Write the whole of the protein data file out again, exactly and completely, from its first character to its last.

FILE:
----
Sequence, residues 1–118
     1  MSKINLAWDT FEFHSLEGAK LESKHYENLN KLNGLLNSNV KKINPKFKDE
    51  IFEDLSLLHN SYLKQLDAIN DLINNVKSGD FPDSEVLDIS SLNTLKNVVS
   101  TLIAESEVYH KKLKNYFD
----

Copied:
Sequence, residues 1–118
     1  MSKINLAWDT FEFHSLEGAK LESKHYENLN KLNGLLNSNV KKINPKFKDE
    51  IFEDLSLLHN SYLKQLDAIN DLINNVKSGD FPDSEVLDIS SLNTLKNVVS
   101  TLIAESEVYH KKLKNYFD